Jeremy Lin began his tenure as Knicks starting point guard with quite a flourish, averaging about 25 points and 10 assists while, most importantly, leading a floundering team to 7 straight victories and an even number of wins and losses on the season.
The reaction was swift as this undrafted Harvard product showed he could play and win games in the NBA. Linsanity spread through the league and around the world to Lin’s ancestral Taiwan. It was Lincredible. The Knicks were Linning night Lin and night out. Pundits were even wondering aloud if Lin’s addition to the Knicks’ lineup put the Knicks on the path to a champiLinship.
And then for the first time in Lin’s tenure, the Knicks lost a game. In fact, now they have lost two of their last three.
Lin has continued to be good, but we Knicks fans are seeing that not everything he touches turns to gold (or even wins against teams that are among the worst in the league). In his maturation as an NBA player, he has experienced the first of what will be, we can only assume, several rough patches. All players go through them. They do their best to keep faith in themselves as their coaches continue to assert that they can learn from every opportunity.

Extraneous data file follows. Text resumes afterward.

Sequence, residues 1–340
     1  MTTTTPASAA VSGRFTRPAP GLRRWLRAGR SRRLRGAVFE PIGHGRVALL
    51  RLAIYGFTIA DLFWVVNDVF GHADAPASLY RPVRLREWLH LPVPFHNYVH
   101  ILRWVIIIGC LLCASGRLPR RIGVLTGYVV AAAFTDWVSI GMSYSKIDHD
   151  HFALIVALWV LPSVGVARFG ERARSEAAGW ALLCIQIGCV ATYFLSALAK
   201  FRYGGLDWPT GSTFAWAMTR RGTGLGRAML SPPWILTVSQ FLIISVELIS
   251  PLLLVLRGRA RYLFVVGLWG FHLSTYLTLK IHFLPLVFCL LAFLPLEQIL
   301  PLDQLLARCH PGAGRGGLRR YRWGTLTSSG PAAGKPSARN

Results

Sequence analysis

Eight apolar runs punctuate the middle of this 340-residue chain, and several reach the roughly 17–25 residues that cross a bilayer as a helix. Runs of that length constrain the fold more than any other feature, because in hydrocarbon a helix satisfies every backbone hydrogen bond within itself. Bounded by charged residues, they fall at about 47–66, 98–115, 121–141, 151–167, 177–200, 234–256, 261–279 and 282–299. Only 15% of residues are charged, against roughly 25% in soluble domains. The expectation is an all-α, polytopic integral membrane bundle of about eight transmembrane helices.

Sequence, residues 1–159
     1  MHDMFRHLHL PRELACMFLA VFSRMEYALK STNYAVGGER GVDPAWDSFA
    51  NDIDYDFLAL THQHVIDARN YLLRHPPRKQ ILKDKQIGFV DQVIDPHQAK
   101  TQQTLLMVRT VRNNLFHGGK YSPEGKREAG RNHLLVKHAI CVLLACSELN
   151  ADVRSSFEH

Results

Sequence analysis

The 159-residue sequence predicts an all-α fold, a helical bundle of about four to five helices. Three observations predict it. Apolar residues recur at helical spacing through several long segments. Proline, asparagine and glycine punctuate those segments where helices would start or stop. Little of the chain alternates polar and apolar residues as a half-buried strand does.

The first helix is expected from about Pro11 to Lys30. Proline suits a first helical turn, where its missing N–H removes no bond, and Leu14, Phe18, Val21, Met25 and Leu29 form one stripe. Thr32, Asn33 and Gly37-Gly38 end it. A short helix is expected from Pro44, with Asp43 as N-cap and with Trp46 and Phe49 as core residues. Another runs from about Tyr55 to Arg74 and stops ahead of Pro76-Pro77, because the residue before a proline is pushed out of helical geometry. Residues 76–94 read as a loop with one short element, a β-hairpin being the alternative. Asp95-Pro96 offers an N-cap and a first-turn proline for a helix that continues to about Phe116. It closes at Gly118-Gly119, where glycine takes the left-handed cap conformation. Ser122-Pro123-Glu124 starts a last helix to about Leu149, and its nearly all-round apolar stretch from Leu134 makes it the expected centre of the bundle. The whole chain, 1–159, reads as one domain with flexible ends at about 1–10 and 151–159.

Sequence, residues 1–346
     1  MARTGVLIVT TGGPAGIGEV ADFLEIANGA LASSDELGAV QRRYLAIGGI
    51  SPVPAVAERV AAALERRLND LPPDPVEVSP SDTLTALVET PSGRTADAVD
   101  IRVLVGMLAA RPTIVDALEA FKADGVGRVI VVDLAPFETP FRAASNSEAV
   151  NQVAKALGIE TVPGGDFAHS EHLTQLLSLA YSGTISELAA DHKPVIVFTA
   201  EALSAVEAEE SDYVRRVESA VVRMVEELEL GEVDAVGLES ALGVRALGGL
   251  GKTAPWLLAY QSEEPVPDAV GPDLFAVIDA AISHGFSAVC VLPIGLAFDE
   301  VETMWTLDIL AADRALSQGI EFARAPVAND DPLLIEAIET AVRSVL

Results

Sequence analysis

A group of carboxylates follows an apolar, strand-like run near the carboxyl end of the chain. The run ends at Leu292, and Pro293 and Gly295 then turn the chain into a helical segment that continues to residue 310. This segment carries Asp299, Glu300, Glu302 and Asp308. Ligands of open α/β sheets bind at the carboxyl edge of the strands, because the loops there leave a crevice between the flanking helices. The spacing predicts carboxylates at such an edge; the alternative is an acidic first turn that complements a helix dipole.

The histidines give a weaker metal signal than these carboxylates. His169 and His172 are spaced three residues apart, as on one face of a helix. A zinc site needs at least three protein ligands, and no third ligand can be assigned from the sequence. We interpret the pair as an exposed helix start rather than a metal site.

As we help our students get on their own personal winning streaks, we have to remember that they will not progress in a linear fashion. They will lose some games in which they try valiantly to win. They will lose games in which it seems they never have a chance to win. They will lose the same games today that they won yesterday.
As we coach our students, we must help them understand that they will win some and they will lose some and that losses can be used as learning opportunities. Most importantly, we need to make each individual believe s/he has the ability to be a champion.